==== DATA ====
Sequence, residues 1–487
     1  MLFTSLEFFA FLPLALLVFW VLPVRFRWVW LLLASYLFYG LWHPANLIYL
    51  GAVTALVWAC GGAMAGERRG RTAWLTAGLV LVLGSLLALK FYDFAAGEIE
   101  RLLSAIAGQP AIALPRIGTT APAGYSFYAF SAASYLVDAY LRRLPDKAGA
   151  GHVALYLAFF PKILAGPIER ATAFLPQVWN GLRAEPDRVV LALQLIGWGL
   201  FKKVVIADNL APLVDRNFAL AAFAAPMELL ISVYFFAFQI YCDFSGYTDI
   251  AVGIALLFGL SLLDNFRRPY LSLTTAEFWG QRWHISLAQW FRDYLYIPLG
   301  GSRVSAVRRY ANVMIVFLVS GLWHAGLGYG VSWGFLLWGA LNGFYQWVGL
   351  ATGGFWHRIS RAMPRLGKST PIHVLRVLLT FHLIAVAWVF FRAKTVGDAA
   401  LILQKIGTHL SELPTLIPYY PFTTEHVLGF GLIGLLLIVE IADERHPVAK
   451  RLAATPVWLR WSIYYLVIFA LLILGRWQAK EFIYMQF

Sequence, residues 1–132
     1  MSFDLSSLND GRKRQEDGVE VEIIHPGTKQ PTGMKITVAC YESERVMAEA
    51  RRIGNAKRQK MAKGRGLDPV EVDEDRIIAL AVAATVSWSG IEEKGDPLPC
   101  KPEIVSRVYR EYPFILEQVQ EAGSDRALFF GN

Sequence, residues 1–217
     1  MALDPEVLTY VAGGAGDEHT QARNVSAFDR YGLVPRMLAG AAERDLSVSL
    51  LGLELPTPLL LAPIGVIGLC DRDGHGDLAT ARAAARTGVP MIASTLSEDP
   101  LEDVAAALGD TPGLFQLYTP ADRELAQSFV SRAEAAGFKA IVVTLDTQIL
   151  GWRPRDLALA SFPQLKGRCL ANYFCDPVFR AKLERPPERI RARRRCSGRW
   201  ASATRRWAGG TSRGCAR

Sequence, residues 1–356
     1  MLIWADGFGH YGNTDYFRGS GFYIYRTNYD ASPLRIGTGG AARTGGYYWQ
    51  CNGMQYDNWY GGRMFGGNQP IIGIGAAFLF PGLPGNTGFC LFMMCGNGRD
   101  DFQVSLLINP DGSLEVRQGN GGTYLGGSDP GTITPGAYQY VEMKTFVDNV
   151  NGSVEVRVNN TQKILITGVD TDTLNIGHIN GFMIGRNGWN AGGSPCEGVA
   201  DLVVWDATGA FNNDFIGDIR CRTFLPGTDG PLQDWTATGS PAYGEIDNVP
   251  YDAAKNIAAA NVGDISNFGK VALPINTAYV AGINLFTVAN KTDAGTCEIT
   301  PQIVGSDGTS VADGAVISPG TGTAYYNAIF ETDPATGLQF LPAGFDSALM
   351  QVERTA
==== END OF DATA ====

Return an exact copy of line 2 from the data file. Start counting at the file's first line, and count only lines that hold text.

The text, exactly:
     1  MLFTSLEFFA FLPLALLVFW VLPVRFRWVW LLLASYLFYG LWHPANLIYL